In certain cases (for example, cases involving a charge for driving under the influence), after having considered the nature of the case and the facts involved, the prosecution will sometimes choose not to proceed any further. In such cases, a disposition of “Nolle Prosequi” will usually appear. Nolle Prosequi is a Latin phrase that means “will no longer prosecute” and is used to indicate that the prosecution had confirmed that they will not move forward with the charges against the defendant. As such, no conviction results. Not only that, but for all intent and purposes, this amounts to a dismissal of the charge in question. Another variation on the term would be “Nol Prossed”.
So what would be the effect of a conclusion of nolle prosequi with respect to entry to Canada? Inadmissibility cannot be based on offenses for which there has been a final determination of an acquittal. Charges ending in Nolle Prosequi should there normally be considered as such. As mentioned above, nolle prosequi is not viewed as a conviction. Furthermore, it confirms that the state willingly chooses to cease prosecution. Therefore, inadmissibility should not apply for a person that had a single offense on record, for which nolle prosequi has been confirmed.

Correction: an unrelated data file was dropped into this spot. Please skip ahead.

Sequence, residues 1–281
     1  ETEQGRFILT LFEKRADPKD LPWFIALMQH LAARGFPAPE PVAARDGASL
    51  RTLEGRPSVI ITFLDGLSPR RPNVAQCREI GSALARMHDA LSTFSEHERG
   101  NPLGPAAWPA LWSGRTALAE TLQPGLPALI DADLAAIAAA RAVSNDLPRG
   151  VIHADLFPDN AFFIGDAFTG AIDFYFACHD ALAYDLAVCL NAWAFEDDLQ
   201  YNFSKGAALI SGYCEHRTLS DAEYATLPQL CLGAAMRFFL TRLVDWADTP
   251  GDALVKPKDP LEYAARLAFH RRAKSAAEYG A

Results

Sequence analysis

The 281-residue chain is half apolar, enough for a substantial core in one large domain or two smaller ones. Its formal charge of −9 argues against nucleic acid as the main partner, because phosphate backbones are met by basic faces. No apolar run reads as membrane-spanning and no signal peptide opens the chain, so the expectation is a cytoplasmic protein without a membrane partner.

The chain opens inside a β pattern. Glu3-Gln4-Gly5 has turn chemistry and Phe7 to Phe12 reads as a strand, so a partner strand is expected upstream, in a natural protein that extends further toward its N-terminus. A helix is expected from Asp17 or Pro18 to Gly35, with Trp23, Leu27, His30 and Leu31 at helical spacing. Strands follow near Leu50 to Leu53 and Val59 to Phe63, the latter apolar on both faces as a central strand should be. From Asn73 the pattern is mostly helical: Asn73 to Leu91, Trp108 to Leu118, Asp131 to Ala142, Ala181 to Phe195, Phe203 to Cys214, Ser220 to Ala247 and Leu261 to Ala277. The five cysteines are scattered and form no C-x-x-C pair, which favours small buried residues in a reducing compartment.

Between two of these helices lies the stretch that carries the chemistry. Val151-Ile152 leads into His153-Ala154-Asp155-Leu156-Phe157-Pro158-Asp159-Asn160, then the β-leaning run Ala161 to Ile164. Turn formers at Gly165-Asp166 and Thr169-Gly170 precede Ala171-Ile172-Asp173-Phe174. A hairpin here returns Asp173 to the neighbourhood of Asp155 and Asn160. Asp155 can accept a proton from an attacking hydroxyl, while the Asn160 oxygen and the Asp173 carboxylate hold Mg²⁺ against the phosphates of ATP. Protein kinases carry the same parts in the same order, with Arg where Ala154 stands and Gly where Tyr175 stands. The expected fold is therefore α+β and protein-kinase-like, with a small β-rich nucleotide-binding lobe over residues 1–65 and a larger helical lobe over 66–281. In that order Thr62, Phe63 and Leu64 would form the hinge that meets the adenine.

However, this should not be taken as official legal advice. Each case is different and can sometimes includes details that can drastically affect the determination of whether a person is admissible for entry to Canada or not. Please contact for any case-specific questions you might have.